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Myalgic Encephalopathy

What is Myalgic Encephalopathy?

What causes Myalgic Encephalopathy?

What are the symptoms of Myalgic Encephalopathy?

What is the course of Myalgic Encephalopathy?

What treatments are available?

RAMS Therapy Centre and Myalgic Encephalopathy

Myalgic Encephalopathy

What is ME?

Myalgic Encephalopathy or ME, also known as Chronic fatigue syndrome (CFS) or Post Viral Fatigue Syndrome (PVFS) is an illness characterized by prolonged, debilitating fatigue and multiple non-specific symptoms such as headaches, recurrent sore throats, muscle and joint pains, memory and concentration difficulties. Profound fatigue is the hallmark of the disorder. It can come on suddenly or gradually and persists or recurs throughout the period of illness. Unlike the short-term disability of the flu, for example, the symptoms of chronic fatigue syndrome linger for at least six months and often for years. Currently it is estimated that some 250,000 people in the UK are affected by this illness.

 

What causes ME?

The cause of ME remains unknown. It often develops after a virus, like flu or glandular fever, but it can also happen gradually for no obvious reason and may manifest after physical injury or traumatic life events. People with ME have been found to have abnormalities in the nervous system, including part of the brain called the hypothalamus. The hypothalamus regulates sleep, temperature control and appetite. Abnormalities have also been found in the immune system, however more research is needed before these abnormalities and their impact are properly understood.


 

What are the symptoms of ME?

As the name chronic fatigue syndrome suggests, this illness is accompanied by fatigue. However, it's not the kind of fatigue that patients experience after a particularly busy day or week, after a sleepless night or after a stressful event. It's a severe, incapacitating fatigue that isn't improved by bed rest and that may be exacerbated by physical or mental activity. It's an all-encompassing fatigue that results in a dramatic decline in both activity level and stamina.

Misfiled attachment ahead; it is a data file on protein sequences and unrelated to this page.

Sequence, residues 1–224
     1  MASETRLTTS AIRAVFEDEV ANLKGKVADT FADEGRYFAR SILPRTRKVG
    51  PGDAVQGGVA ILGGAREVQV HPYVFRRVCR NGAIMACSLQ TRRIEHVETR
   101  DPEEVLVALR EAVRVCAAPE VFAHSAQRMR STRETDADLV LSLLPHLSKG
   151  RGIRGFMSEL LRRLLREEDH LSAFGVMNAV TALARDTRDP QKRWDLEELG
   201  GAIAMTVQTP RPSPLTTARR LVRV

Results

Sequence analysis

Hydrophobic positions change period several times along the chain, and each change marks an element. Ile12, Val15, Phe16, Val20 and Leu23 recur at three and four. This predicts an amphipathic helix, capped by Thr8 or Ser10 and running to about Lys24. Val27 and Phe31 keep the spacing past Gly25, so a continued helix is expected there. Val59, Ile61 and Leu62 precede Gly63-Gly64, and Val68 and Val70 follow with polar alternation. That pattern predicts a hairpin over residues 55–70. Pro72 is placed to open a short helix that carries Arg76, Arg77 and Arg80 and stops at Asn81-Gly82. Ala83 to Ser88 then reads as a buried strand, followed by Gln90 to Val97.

People with ME function at a significantly lower level of activity than they were capable of prior to becoming ill. The illness results in a substantial reduction in occupational, personal, social or educational activities.

In addition to fatigue, a number of other symptoms have been reported by some ME patients. These include:

  • irritable bowel, abdominal pain, nausea, diarrhoea or bloating

  • chills and night sweats

  • brain fog

  • chest pain

  • shortness of breath

  • chronic cough

  • visual disturbances (blurring, sensitivity to light, eye pain or dry eyes)

  • allergies or sensitivities to foods, alcohol, odors, chemicals, medications or noise

  • difficulty maintaining upright position (orthostatic instability, irregular heartbeat, dizziness, balance problems or fainting)

  • psychological problems (depression, irritability, mood swings, anxiety, panic attacks)

  • jaw pain

  • weight loss or gain

The severity of ME varies from patient to patient, with some people able to maintain fairly active lives. By definition, however, ME significantly limits work, school and family activities.

While symptoms vary from person to person in number, type and severity, all ME patients are functionally impaired to some degree. Studies show that ME can be as disabling as multiple sclerosis, lupus, rheumatoid arthritis, heart disease, end-stage renal disease, chronic obstructive pulmonary disease (COPD) and similar chronic conditions.

 

What is the course of ME?

ME often follows a cyclical course, alternating between periods of illness and relative well-being. Some patients experience partial or complete remission of symptoms during the course of the illness, but symptoms often reoccur. This pattern of remission and relapse makes ME especially hard for patients and their health care professionals to manage. Patients who are in remission may be tempted to overdo activities when they're feeling better, which can exacerbate symptoms and fatigue and cause a relapse. In fact, postexertional malaise is a hallmark of the illness.

The percentage of ME patients who recover is unknown, but there is some evidence to indicate that the sooner symptom management begins, the better the chance of a positive therapeutic outcome. This means early detection and treatment are of utmost importance. Research indicates that delays in diagnosis and treatment may complicate and prolong the course of the disease.

 

What treatments are available for ME?

There are many over-the-counter (OTC) and prescription drug therapies that can be used to treat sleep difficulties, cognitive problems, pain and other symptoms of ME. Your GP will be able to advise you on these.

Other treatment strategies include physiotherapy, exercise and massage; flowtron therapy; hyperbaric oxygen therapy; electromagnetic therapy and vibrotherapy to ease pain, stiffness and fatigue; improve bowel function, enhance mood and sense of well-being as well as to help people with the condition relax, sleep better and manage their condition more effectively.

 

RAMS Therapy Centre and Myalgic Encephalopathy

 

RAMS Therapy Centre provides a range of therapies, designed specifically for Myalgic Encephalopathy. Follow the links below for further information on these treatments. Therapies will be provided individually as stand-alone treatments or offered in combination. Each person will be assessed and advised on a suitable treatment programme.

Note: permission from your doctor or consultant is required before treatment begins.

 

                                                 Hyperbaric Oxygen Therapy

             Physiotherapy

         Flowtron Therapy

              Electromagnetic Stimulation Therapy

               Vibrotherapy